Amyloid plaques are a hallmark of some neurodegenerative diseases like Alzheimer’s or Parkinson’s. Even though the exact role of amyloid protein in the disease is not clear, being able to follow amyloid protein misfolding and plaque formation could be a step forward for the study of the disease. Now, Matthew Lew’s lab has developed 1 a new optical microscopy method that allows to look at the orientation of single molecules in the amyloid protein.
Since all biochemical reactions involve interactions among molecules, and those imply movement and certain displacement, it might be possible that these misfolded protein aggregates causes disruptions to these interactions, leading eventually to death. That is why the team developed this imaging methodology to be able to understand these molecular movements.
To get the most information of the technique, and determine orientation, the researchers used a fluorescent label directly attached to each single amyloid molecule, and measured extra parameters like light polarization. They followed over time the changes in orientation, the movement in the end, that every molecule experienced every time a new one joined an aggregate.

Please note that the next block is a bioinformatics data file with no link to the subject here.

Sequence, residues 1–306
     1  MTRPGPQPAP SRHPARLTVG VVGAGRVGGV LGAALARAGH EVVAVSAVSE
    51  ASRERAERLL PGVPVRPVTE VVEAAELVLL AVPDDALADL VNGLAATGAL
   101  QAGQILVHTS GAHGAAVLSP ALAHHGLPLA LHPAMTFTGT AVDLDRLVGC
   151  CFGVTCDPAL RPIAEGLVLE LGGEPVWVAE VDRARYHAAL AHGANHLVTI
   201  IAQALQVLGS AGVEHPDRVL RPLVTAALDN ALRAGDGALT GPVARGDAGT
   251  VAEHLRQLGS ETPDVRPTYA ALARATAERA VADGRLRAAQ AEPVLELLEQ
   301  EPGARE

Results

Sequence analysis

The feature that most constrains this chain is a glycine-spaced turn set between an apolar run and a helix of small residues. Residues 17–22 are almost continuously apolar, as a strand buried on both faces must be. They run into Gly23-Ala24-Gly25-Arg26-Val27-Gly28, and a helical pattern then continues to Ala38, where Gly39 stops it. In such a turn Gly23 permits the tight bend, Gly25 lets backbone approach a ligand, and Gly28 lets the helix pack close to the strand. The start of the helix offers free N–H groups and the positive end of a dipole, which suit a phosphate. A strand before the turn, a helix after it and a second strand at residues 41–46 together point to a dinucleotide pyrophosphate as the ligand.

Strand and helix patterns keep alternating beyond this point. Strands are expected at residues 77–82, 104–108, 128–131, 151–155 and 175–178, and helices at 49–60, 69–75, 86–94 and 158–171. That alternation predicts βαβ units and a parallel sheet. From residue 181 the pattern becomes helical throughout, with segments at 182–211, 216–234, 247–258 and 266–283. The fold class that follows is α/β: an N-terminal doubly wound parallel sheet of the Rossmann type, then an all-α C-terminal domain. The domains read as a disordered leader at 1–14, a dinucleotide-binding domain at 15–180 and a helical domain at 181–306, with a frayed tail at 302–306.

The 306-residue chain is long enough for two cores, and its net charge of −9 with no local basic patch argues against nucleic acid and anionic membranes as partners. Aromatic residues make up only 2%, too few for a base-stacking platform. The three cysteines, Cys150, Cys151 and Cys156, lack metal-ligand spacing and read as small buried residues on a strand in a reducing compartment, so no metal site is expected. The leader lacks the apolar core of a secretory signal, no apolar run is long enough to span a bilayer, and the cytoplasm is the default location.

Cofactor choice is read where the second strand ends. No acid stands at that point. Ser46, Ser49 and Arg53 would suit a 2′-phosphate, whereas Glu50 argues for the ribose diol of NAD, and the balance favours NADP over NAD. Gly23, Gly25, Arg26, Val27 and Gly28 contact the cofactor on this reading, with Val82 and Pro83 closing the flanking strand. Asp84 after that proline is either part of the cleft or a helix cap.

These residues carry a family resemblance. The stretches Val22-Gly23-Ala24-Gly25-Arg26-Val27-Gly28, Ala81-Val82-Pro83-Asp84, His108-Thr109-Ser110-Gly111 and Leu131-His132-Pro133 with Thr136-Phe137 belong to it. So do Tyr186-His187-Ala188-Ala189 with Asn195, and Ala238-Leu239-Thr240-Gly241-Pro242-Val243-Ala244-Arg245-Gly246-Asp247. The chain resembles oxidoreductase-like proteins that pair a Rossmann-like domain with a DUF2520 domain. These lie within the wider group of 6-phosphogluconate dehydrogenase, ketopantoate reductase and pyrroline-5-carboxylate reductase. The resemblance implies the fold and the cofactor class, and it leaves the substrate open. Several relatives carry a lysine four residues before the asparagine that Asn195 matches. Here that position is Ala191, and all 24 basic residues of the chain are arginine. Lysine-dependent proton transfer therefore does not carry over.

This microscopic method is open to imaging labs and can look into amyloid protein orientation
What’s most interesting about their imaging setup is that, according to them, everyone could have one, in that they used commercial components common to single-molecule super-resolution microscopy. In a commendable move towards Open Science, they even shared the analysis code used in the project.
By characterizing differences in the behaviour of these molecules, the researches want to get an insight into long-term amyloid aggregate formation, dispersion and its organization.
Their hope is that their technique can help understand the disease and eventually lead to potential treatments or even better ways of preventing amyloid disease.